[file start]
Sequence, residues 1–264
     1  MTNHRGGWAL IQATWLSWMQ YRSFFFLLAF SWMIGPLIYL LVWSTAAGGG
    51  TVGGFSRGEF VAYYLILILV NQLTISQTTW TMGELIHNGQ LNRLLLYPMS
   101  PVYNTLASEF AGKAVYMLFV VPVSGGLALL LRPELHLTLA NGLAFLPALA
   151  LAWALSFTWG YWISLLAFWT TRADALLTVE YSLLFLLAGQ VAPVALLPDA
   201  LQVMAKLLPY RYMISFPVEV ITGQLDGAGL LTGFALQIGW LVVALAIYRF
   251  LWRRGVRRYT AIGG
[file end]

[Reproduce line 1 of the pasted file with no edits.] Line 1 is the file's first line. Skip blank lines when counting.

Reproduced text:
Sequence, residues 1–264